Pace variation in Marathon running: Analysing data from Standard Chartered Singapore Marathon 2019

This post examines whether variation in marathon running pace differs among runners of different performance levels.
Sport science

Nien Xiang Tou


May 16, 2020

Pacing strategy is an important determinant of performance, especially in endurance events such as the marathon. Does pacing profile differ across runners of different levels? This blog post examines the pace variation of Singaporean male and female runners in the Standard Chartered Singapore Marathon (SCSM) 2019.

SCMS 2019. Source:

Art of Pacing

Pacing strategy in long-distance running refers to the distribution of running speed across the whole duration of event. Finding an optimised pacing strategy in a marathon event is no easy feat, as the distance often poses many uncertainties and unexpected challenges. Too conservative start may lead to a sub-optimal finish, while an aggressive start may result in early fatigue and excessive slowing down during latter stages of the race.

Generally, there are three types of pacing profiles: 1) negative, 2) positive, and 3) even pacing strategy. First, negative pacing refers to an increase in speed over the duration of event. This will mean running the second half of the race faster than the first half. Second, positive pacing is characterised by a decline in speed instead. Third, even pacing represents keeping relatively the same speed throughout the event. Such even pacing was observed in Eliud Kipchoge’s shattering of the 2 hour marathon barrier last year. If you look at his time splits, he and his pacing team ran each 5km within a range of 14:10 - 14:14. This suggests that adopting an even pacing profile in the marathon may be the most ideal strategy to hit your race goals.

Realistically, this is a tall order and gets increasingly harder to achieve as the race distance increases. Very often, we see drastic changes in running speed during endurance events. For example, we see more race participants walking in the second half of the marathon as compared to the first half. This is an expected phenomenon since fatigue kicks in as the race progresses. However, is such variation in pace similar across all levels of runners?

With the aim to answer this question, I scraped the time splits of all Singaporean runners who finished the full marathon in last year’s SCSM. The web scraping was performed using the pandas and BeautifulSoup package in python. You may find the full web scraping code here.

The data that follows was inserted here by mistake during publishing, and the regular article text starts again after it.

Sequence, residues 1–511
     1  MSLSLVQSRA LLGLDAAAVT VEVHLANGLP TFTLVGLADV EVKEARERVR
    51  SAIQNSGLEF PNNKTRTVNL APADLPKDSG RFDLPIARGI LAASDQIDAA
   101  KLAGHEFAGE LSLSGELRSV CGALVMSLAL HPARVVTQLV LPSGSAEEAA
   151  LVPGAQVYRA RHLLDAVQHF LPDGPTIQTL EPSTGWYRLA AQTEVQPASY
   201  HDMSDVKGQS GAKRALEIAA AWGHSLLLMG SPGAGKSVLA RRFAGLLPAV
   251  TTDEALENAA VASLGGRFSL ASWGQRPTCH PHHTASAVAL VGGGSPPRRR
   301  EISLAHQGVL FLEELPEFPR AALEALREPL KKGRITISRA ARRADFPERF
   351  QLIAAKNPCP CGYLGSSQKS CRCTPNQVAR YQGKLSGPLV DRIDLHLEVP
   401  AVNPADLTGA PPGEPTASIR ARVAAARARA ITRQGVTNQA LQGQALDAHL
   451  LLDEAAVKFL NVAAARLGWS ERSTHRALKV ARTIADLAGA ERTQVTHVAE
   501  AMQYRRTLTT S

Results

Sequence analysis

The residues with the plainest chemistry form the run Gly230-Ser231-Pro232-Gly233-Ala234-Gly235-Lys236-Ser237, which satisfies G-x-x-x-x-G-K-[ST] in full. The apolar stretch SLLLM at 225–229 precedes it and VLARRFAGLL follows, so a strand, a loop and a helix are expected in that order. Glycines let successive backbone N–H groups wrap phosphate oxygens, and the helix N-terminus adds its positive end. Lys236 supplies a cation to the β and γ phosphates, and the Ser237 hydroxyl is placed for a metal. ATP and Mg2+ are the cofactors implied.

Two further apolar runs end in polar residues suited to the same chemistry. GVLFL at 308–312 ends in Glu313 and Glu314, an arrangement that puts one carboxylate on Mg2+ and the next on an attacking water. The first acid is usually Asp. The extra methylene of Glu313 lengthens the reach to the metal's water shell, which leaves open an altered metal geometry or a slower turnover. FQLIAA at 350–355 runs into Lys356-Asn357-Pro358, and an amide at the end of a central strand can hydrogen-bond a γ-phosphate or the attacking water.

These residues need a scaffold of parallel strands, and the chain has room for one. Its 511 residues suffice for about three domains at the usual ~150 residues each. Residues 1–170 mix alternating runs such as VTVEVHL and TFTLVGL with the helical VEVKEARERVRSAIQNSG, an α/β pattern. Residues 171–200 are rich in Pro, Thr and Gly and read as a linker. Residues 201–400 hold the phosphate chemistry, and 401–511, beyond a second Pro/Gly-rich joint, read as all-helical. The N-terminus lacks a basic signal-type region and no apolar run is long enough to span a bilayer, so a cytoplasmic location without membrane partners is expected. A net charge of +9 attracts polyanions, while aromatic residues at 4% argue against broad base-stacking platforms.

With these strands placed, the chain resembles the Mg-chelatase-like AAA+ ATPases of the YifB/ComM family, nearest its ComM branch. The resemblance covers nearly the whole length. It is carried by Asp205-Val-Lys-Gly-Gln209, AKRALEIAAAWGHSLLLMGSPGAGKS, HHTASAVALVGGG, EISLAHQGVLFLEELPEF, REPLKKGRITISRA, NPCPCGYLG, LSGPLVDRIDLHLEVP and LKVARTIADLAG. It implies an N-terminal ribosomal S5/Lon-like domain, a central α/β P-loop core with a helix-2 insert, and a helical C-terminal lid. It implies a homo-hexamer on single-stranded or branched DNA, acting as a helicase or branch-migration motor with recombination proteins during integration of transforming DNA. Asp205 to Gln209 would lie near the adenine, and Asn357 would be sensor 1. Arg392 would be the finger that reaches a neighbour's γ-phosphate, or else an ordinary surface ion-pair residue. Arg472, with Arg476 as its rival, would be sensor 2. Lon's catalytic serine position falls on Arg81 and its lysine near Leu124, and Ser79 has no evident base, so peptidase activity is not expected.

Based on the official results from the race website, a total of 3929 Singaporean men and 911 women completed the full marathon. Clearly, the marathon is not as popular among females than their male counterparts. Data on each 5km time split was retrieved for each runner. However, several runners were found with missing data for certain distances. Hence, for runners with missing time splits, it was assumed that their pace remained the same as the last recorded time split. Runners with missing data for the first 5km and 10km were considered invalid and removed from the dataset. Thus, I ended up with a total of 3886 men and 902 women for the analysis.

The coefficient of variation (CV) was used to measure the variation in each runner’s pace throughout the race. This was simply computed by dividing the standard deviation of all time splits by the mean speed. Higher CVs represent greater variation in pace and lower CVs indicate more consistency in running speed throughout the race. The CV was compared among three groups of runners in both gender groups: fast, mid-pack and slow. The fast group represents the top 20%, the mid-pack represents the middle 20%, and the slow group represents the bottom 20%. The notched box plots above illustrate the average running speed distribution of each group separated by genders. Evidently, the speeds differed significantly across groups for both genders.

The graph above presents the average CV scores in percentages of respective groups for both genders. We can see a trend that pace variation increases with slower marathon running times. Using a statistical test (one-way ANOVA) informed us that the differences in pace variation across groups were significant. The top 20% Singaporean male runners had an average of 12.11% in their marathon pace variation, and this was significantly less than the mid-pack (14.93%) and the slow group (15.59%). However, the mid-pack and slow groups showed comparably similar variation in pace. Similarly, for the females, the fast group (8.14%) showed significantly less variation in their pace than their slower counterparts. The mid-pack group (12.8%) also differed significantly as compared to the slow group (15.32%).

Importance of consistency in pacing

These numbers highlighted that better performing runners were not only faster in their speed, they also exhibited considerably less variation in their marathon running pace. Obviously, many factors can influence a marathon performance. One aspect is definitely optimising your pacing strategy during the race. This means selecting a pace that you can sustain consistently with minimal variation throughout the race. This is an important takeaway for all levels of runners. Hence, do practise your pacing strategy during training, and carefully plan your pace for race day. It will probably make a difference!

Data processing, analysis and visualisation were performed on R. Full code and datasets can be found here.